A brief overview of world cup 2010 matches

A Brief Overview of World Cup 2010 Matches

As you may be aware, over 60 matches will be played out over the course of the World Cup 2010. If you are an avid football fan, then you will most likely know a good bit about each team, as well as the kind of performance you are expecting from each play. On the other hand, if you are fairly new to all the excitement associated with the world cup, you may not realize just how long it took for this venue to come into being. In a similar way, getting to know more about the structure of the matches will help you determine which matches are most likely to be of interest to you.

History of the World Cup 2010

The qualification process for World Cup 2010 actually began in 2007.  Out of 208 FIFA National Teams, 204 took part. Today, only 32 teams are eligible to play in the 2010 World Cup. Even though Italy holds the World Cup title, the team still had to take part in the qualifying rounds in order to take part in the final event. While previous World Cup events featured teams that had not qualified for a previous Cup, all the ones in the 2010 World Cup played in previous events. Needless to say, this promises to be an exciting event given the experience and quality of the players from each country.

Assignment of Pots

Individuals unaccustomed to World Cup terminology may find themselves wondering at the use of the word pots, and its relationship to the structure of the matches. Basically, each of the 32 teams that qualified for the world cup was assigned to one of 8 pots. This, in turn, determines which teams will square off during the first round of matches. With the exception of South Africa, only the seven best teams were assigned to Pot 1.  The remaining pots were filled based on geographic region.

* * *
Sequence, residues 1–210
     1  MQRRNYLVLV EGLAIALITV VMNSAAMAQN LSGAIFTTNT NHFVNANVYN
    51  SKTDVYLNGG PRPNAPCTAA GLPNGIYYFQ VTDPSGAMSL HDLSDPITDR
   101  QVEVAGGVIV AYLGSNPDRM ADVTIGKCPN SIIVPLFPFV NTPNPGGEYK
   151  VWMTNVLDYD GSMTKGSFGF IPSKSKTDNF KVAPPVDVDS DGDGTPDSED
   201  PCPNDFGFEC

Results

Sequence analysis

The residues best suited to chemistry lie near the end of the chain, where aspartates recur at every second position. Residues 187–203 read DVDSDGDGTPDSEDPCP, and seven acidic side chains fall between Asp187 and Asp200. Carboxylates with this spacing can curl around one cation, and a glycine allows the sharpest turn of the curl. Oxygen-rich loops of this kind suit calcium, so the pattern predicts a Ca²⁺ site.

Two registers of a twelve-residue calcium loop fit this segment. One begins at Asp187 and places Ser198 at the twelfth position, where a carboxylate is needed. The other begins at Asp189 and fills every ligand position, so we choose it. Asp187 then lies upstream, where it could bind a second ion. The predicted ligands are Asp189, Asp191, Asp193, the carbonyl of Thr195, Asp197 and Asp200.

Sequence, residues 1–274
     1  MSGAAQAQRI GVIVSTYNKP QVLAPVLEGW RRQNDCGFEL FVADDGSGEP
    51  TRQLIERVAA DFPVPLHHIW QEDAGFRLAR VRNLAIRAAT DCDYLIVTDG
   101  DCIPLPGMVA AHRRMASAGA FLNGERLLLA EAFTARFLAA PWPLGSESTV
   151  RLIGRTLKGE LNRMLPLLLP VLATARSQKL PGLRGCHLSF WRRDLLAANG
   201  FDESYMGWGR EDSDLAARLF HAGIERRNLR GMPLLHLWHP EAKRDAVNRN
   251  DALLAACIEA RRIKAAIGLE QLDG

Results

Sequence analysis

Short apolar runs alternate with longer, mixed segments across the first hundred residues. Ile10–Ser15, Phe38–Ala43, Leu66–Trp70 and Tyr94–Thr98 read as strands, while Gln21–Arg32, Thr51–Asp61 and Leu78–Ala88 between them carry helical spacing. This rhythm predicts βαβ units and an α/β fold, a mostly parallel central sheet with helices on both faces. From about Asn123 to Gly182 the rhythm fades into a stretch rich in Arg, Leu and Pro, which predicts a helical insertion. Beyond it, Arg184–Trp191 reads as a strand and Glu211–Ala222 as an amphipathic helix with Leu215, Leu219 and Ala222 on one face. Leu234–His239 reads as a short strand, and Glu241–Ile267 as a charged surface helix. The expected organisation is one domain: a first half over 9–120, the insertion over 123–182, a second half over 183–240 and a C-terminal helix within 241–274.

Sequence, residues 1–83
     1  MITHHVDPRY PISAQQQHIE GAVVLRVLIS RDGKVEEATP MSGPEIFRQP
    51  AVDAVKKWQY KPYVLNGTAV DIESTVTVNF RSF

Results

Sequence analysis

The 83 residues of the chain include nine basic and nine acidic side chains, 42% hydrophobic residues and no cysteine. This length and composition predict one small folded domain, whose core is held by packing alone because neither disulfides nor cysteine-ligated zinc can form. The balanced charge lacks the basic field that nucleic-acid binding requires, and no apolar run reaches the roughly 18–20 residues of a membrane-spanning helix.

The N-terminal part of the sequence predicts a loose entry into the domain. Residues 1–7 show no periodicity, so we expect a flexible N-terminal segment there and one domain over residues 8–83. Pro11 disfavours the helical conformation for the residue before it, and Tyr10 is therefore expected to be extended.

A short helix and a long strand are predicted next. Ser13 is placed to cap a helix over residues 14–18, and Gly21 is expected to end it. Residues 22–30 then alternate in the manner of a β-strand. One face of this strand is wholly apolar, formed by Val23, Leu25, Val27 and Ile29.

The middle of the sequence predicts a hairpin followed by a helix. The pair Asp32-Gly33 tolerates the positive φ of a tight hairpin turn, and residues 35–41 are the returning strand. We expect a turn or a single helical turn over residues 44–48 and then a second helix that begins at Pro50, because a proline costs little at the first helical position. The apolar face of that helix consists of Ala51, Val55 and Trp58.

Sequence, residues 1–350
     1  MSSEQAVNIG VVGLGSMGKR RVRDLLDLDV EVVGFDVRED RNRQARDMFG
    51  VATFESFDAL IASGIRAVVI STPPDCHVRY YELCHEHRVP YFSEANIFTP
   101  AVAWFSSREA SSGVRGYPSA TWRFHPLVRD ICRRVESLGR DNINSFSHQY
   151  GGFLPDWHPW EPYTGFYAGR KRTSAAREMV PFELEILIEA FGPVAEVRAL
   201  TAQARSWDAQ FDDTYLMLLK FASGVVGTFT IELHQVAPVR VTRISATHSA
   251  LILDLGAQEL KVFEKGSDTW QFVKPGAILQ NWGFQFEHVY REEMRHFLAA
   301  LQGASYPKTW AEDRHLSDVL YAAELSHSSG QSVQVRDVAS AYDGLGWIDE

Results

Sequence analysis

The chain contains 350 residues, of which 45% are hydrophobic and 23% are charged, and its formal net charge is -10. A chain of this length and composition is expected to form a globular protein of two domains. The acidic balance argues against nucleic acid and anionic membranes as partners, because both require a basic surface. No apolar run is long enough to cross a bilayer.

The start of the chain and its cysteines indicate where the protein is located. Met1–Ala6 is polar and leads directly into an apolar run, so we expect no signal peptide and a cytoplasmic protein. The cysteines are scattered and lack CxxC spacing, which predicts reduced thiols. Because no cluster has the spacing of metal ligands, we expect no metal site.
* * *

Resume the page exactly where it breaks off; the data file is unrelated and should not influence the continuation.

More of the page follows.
How the Matches Work

To begin, it is important to realize that there are two sets of matches that make up the World Cup series. The first set of matches is composed of 8 groups of matches. Each group matches up teams from four countries. If you look at the schedule carefully, you will see that each country has a chance to win 3 games. Teams that advance to the second round of matches will be determined by the outcome of the first round.  

If you have a busy schedule, it may not be possible for you to watch the World Cup 2010 (‘VM Fodbold’ in Danish) each evening. Therefore, you may find yourself wondering how you will find ways to watch the best parts of the series. Since the teams found in Group One appear to be the best teams, you may want to make it a point to tune in to those games. That said if you take the time to research each team, you may find that a few other matches will be well worth watching.

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